After a long drought, companies and private equity firms may be ready to make deals again, oddly enough because of cash, debt and taxes.
Here are the main reasons why:
A consensus is emerging from several prominent dealmaking experts that mergers are coming back, largely because companies can now afford them. U.S. companies have a near-record $1.93 trillion of cash on hand, according to Federal Reserve data.
Low interest rates have spurred corporate borrowing and refinancing at unprecedented levels. Private equity firms, which are enthusiastic users of junk bonds, have driven junk volumes to an all-time record this year, according to new data from Thomson Financial.
Big borrowing is likely to continue. Analysts at investment bank Keefe Bruyette & Woods predicted that the Fed will keep interest rates low throughout 2011. That would keep the debt markets open for a long enough time for private equity, in particular, to refinance their companies’ crushing debt loads.
The potential of new stimulus in the form of tax cuts that will benefit companies and rich individuals. Congress is currently hammering those out.
But despite the increasingly ideal conditions, deal makers may have to prepare themselves for potential disappointment. For one, American corporations may still prove themselves unwilling to spend on acquisitions as long as the economy’s growth still looks tenuous.
That kind of caution has prevailed so far. Despite record cash levels, companies have bunkered down, presumably traumatized by the financial crisis and reluctant to deploy their cash for activities like hiring. It’s a big reason why the national unemployment rate has hovered about 10 percent for over 18 months even as corporate cash balances hit their highest levels in 50 years.But despite the increasingly ideal conditions, deal makers may have to prepare themselves for potential disappointment. For one, American corporations may still prove themselves unwilling to spend on acquisitions as long as the economy’s growth still looks tenuous.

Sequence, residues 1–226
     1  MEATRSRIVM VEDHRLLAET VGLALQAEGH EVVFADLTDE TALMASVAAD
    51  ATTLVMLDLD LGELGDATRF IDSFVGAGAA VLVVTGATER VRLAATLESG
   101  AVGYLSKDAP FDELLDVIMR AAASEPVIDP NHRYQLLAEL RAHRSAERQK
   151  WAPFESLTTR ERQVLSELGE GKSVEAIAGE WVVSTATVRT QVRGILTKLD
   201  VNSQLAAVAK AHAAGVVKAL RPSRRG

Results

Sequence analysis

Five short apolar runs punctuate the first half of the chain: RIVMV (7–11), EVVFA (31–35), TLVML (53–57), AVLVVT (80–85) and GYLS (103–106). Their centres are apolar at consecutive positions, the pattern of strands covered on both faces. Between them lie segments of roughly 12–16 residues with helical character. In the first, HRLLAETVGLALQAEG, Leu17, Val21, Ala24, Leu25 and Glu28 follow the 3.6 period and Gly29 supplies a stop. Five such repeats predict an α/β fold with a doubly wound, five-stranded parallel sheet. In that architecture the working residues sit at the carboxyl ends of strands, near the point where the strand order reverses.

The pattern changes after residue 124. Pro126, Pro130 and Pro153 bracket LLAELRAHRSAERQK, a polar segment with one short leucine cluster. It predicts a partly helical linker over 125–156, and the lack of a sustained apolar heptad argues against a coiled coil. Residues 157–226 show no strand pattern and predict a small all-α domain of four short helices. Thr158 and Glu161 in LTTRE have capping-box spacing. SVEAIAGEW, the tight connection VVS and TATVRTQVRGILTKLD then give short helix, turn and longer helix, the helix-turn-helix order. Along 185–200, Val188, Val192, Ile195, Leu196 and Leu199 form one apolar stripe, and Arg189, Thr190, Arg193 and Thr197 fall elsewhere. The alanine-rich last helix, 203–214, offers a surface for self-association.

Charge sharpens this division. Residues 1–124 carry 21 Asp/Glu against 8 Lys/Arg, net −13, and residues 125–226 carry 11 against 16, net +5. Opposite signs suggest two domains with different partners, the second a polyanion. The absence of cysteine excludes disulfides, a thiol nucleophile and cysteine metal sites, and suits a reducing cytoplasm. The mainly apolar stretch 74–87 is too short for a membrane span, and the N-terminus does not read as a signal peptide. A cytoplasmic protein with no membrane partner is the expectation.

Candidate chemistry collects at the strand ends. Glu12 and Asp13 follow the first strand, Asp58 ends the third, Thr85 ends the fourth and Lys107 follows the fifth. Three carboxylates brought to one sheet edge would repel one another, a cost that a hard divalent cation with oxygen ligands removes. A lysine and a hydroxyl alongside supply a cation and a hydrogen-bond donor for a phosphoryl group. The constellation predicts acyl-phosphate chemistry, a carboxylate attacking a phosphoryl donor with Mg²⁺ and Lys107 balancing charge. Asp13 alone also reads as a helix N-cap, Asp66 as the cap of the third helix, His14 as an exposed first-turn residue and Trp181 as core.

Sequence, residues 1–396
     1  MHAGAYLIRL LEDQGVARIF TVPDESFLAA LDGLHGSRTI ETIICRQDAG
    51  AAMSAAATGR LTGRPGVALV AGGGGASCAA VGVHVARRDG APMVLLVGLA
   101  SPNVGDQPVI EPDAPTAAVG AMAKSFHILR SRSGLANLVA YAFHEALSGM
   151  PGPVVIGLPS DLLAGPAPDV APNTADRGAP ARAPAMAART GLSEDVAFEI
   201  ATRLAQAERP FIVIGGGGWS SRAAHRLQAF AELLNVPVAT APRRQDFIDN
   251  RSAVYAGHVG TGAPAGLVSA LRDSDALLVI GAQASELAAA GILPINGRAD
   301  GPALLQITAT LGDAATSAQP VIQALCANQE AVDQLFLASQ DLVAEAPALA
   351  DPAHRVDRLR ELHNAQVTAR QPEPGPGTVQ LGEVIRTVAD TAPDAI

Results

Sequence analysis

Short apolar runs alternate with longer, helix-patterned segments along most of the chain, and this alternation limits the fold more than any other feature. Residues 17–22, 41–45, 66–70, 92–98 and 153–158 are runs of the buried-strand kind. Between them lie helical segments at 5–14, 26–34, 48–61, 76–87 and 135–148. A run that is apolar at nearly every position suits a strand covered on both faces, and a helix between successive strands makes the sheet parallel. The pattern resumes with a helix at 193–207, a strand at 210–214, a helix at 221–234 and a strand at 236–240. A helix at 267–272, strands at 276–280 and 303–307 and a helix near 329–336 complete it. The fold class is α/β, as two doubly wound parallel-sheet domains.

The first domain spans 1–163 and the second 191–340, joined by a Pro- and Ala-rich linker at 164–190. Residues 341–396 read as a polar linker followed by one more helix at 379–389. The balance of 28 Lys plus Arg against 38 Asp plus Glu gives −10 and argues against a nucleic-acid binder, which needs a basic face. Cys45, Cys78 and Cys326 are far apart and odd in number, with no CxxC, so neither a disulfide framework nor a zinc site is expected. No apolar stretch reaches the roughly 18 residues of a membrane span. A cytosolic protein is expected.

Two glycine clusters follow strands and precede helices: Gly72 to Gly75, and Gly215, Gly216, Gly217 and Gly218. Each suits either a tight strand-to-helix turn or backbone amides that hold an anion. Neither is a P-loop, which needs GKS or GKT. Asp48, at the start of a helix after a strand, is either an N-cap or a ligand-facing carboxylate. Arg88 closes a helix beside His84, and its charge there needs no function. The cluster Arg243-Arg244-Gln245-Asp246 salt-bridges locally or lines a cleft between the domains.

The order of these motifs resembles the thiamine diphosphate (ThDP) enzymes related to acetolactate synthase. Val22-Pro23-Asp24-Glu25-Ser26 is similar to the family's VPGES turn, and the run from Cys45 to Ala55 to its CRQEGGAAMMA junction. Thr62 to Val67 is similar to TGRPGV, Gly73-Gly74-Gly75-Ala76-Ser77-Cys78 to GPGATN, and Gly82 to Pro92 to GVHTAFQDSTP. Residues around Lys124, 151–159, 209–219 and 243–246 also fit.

Hope, however, springs eternal. PricewaterhouseCoopers, for instance, struck an optimistic note for 2011 in a report on Thursday, indicating that incipient merger activity this year is a leading indicator of … more mergers. PwC believes that companies are out of recovery mode and ready to make acquisitions again to grow.
PwC also said that private equity is returning to the fray. A veteran dealmaker, Kohlberg Kravis Roberts & Co. founder Henry Kravis, strongly agreed this week. Kravis showed some optimistic swagger in a speech at a Goldman Sachs financial services conference this week, in which he lauded private equity’s ability to pay more for companies as a sign that private equity is ready to drive deals again after a two-year hiatus.
The observations from Kravis and PwC’s report echo the same outlook from veteran investment banker Kenneth D. Moelis at a conference last week. Moelis believesthat M&A will recover, but slowly.
“These bubbles don’t get reblown quickly,” he said last week.
There is still a question, however, of whether companies will actually go out there and start buying.